Quantification and transformation of water soluble organic nitrogen in a coastal urban airshed


2021-05, 2021-05


Apacible, Scilyn
Apacible, Scilyn


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Atmospheric organic nitrogen (ON) is poorly quantified due to its complexity, measurement difficulty and historical consensus that it was less significant than inorganic nitrogen. Studies that have measured ON are not evenly spread across various environments or geographic regions further contributing to a general lack of knowledge about global atmospheric ON deposition and transformations. In this study, PM2.5 and PM10 samples were collected in an urban coastal airshed, Corpus Christi, TX, USA between November 2019, and October 2020. The organic and inorganic forms of nitrogen were analyzed and the factors controlling their concentrations were examined. The mean concentrations of water soluble organic nitrogen (WSON) in PM2.5 and PM10 were 0.081 ± 0.12 and 0.12 ± 0.11 µg m-3, respectively. The observed WSON concentrations were similar to those observed in remote and marine sites. The WSON concentrations showed significant correlation with NO3⁻ and NH4⁺ during spring season in PM10 indicating that marine source (e.g., sea salt) and biogenic emission are contributing factor for NO3⁻, while agricultural sources are contributing factor for NH4⁺. On average, ON contributed 15% and 10% to total nitrogen in PM2.5 and PM10 at the coastal urban airshed. The average annual dry deposition fluxes for PM2.5 NO3⁻, NH4⁺, and WSON were 0.217, 0.027, and 0.68 kg ha−1 y −1, respectively. The annual dry deposition fluxes for PM10 NO3⁻, NH4⁺, and WSON were 0.55, 0.031, and 2.48 kg ha−1 y −1. The EPA CASTNET network’s closet monitoring site reports annual dry N deposition flux of 3.67 kg ha−1 y −1 , but does not account for ON thus potentially overlooking ~40% of N deposition. Furthermore, the photochemical transformation of ON into IN was investigated and results from these experiments revealed alternating photoproduction and degradation of IN (NO3⁻, NH4⁺). These WSON photochemical transformation will contribute to the increase or decrease of nitrogen bioavailability after deposition in this coastal region. This study highlights the significance of the ON component of atmospheric deposition in this northern Gulf of Mexico region and the need to for ON inclusion when determining coastal N loading and N mitigation strategies.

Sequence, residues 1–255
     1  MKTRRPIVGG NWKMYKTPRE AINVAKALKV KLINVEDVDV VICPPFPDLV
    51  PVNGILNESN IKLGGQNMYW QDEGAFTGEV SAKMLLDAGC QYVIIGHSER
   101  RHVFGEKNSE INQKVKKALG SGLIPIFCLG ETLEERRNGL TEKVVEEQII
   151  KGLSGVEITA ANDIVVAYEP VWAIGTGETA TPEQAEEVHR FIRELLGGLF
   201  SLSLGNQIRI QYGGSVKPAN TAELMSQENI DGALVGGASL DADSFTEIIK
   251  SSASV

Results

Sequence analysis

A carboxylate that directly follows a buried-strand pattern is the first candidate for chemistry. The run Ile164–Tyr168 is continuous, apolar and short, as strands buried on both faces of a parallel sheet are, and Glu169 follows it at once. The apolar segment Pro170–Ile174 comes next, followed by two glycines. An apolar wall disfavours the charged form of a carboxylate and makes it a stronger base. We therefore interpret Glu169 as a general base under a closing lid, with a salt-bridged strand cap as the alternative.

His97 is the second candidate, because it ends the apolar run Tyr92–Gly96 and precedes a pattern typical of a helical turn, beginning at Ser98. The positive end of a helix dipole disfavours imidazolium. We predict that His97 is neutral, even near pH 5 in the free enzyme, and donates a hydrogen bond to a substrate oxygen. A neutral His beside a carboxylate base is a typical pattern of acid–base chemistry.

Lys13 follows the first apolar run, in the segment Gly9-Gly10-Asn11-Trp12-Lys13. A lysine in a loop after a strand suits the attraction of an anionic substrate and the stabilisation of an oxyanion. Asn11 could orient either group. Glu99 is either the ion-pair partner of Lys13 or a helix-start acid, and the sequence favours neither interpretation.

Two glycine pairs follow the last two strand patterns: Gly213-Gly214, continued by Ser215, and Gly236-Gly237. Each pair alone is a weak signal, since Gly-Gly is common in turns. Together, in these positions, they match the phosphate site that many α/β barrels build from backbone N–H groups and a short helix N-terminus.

chemistry, quantification



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